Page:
You're Most Likely Affected by These Holiday Shopping Scams - Unless You Already Have Been
As holiday shoppers continue to busily shop online to spread good cheer through the retail industry, cyber criminals are similarly laying out cookies and milk for them in the form of malware across the Web. Think you may not be affected by these desperate ploys? Think again.
Last week, Staples (News - Alert) revealed a survey revealing 48 percent of its participants to complete their holiday shopping and shipping smack dab in the middle of the season’s chaos, or worse, at the last minute possible. You just may represent this steep number of classic last-minute shoppers – whether online or in store – but that doesn’t mean you have to fall prey to scammers.
For the enlightenment of holiday shoppers everywhere who are scrambling to find the perfect gifts for loved ones as well as are searching for shipment options, GFI Software released its latest VIPRE report, a list of malware campaigns that used fake credit card and shipping notifications to victimize unassuming holiday shoppers – or perhaps the ones who are so overwhelmed by putting it all off to the last minute.
According to the VIPRE Report for November 2012, since Black Friday (News - Alert), online shoppers have encountered innumerable malicious attacks. Sometimes, malicious links were delivered in the form of credit card notification; sometimes, attackers used the brand names of top shipping companies to launch the assault. Even worse, consumers were baffled by a phony Twitter Video application via Facebook (News - Alert), proving that aggressors are willing to go to any level necessary for their deviant cause. Specifically, mobile malware was disguised as the latest Angry Birds game.
You may shrug this off, but consider the fact that in an Angry Birds Addiction Infograph (yes, such a thing actually exists), the wildly popular game has been downloaded over 300 million times since its debut in 2009, averaging to about 100 million downloads per year. Even more, people play 200 million minutes of the game per day – equivalent to 16 years of game play every hour of every day.
Senior threat researcher at GFI Software Christopher Boyd cautioned buyers against cybercriminals, who take advantage of such online buyers who are bogged down by the stresses of last-minute gift buying and finding the right shipment option. Simply by double checking the source of e-mail messages and confirming the destination of links before clicking, online shoppers can outsmart these cyber cons, Boyd elaborated in a statement.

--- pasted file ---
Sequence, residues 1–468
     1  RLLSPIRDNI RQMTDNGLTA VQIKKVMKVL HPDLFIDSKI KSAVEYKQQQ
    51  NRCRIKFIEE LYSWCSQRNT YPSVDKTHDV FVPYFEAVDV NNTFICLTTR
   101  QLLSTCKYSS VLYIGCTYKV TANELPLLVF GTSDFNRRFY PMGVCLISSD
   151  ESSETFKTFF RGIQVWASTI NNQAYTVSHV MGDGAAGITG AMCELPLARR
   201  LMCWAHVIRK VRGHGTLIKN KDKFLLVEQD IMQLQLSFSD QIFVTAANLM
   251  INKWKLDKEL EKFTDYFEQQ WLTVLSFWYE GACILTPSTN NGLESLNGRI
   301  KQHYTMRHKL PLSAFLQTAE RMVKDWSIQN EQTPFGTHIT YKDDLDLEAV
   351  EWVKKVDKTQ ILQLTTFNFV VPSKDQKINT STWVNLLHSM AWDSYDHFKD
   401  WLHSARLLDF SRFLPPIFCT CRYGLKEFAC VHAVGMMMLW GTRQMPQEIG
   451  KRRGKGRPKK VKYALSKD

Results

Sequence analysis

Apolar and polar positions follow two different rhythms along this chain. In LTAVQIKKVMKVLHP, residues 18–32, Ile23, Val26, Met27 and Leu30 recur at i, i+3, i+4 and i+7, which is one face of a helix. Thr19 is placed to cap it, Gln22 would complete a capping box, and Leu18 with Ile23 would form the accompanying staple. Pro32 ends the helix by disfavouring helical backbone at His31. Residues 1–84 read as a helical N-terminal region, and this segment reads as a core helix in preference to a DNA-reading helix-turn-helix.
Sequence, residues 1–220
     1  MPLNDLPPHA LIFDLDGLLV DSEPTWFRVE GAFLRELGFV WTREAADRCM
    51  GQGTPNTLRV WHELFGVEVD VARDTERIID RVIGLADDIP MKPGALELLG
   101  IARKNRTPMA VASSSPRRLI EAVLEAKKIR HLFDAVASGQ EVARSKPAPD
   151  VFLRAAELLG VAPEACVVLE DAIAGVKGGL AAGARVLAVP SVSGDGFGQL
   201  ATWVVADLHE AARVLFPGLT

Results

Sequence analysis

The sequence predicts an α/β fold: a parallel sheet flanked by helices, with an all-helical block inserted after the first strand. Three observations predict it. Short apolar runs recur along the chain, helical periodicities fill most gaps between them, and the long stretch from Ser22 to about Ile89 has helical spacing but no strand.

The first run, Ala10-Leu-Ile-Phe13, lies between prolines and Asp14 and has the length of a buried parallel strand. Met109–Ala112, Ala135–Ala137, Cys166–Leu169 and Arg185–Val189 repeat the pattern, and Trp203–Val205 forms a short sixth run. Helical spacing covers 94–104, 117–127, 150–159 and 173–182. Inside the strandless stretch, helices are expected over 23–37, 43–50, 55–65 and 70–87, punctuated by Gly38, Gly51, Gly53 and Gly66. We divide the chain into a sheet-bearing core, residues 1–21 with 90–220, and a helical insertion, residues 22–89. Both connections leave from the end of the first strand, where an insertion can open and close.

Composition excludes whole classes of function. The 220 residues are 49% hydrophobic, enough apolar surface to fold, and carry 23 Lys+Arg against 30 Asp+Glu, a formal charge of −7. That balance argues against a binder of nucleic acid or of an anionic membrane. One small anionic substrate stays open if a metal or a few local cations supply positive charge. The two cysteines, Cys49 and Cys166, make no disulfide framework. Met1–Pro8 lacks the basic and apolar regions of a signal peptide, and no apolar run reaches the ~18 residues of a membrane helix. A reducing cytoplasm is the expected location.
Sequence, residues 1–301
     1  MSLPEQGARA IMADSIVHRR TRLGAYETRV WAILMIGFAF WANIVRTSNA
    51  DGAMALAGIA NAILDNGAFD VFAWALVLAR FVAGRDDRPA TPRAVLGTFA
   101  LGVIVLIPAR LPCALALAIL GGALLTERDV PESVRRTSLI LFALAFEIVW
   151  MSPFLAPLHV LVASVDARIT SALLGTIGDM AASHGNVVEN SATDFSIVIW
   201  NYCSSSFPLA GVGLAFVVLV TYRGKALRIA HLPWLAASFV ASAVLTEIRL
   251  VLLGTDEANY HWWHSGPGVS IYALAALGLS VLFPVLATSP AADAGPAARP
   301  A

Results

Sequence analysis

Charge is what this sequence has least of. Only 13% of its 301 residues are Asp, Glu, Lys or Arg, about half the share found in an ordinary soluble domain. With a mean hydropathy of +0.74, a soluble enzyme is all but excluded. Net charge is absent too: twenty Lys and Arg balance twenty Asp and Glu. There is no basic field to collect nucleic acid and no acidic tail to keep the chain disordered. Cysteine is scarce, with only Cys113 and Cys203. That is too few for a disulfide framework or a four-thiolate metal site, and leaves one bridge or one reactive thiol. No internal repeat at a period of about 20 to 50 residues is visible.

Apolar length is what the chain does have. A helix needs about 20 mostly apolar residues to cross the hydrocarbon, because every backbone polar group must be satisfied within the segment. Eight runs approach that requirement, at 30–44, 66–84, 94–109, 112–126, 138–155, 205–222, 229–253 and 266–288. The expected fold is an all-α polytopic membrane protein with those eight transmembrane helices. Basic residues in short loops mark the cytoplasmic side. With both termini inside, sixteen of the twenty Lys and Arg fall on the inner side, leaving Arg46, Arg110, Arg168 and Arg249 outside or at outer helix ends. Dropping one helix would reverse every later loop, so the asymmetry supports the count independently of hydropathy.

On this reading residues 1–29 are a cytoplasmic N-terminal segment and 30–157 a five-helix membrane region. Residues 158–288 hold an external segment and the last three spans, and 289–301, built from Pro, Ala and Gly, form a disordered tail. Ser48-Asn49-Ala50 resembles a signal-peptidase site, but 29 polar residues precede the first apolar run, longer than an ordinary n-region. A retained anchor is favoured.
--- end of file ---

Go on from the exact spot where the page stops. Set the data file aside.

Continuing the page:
“One unfortunate reality about the holiday season is that while many people choose to spread good cheer, Internet users can also count on cybercriminals to spread malware. They prey on the stresses of last-minute gift buying, hoping to distract consumers from being cautious with their personal information online,” Boyd explained. “Cybercriminals have a large pool of potential victims at this time of year as more and more people flock to online shops to buy holiday gifts and ship them with their favorite package delivery company. No matter how crazy the season gets, users need to remember to practice the same good habits such as double checking the source of email messages and confirming the destination of links before clicking.”
The examples cited in the VIPRE Report speak of high level of ingenuity of today’s cyber criminals.
One cybercrime campaign delivered fake DHL Express delivery notifications to users' inboxes, claiming that DHL was unable to make a delivery to the victims' addresses and that they needed to go to their local DHL office to present a postal receipt and claim the package. Users attempting to print their receipt were redirected to a number of websites leading to a phony antivirus program which infected users' machines, blocked other applications from running, caused pop-ups and redirected victims to messages designed to scare them into purchasing the fake antivirus software.
In another malware campaign, international shipping brand UPS’ name was also used to trick consumers into clicking on malicious links.
Recently, GFI Software announced the availability of its GFI FaxMaker 2013, an expanded and improved version of the company’s award-winning network fax server software.
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Edited by Allison Boccamazzo
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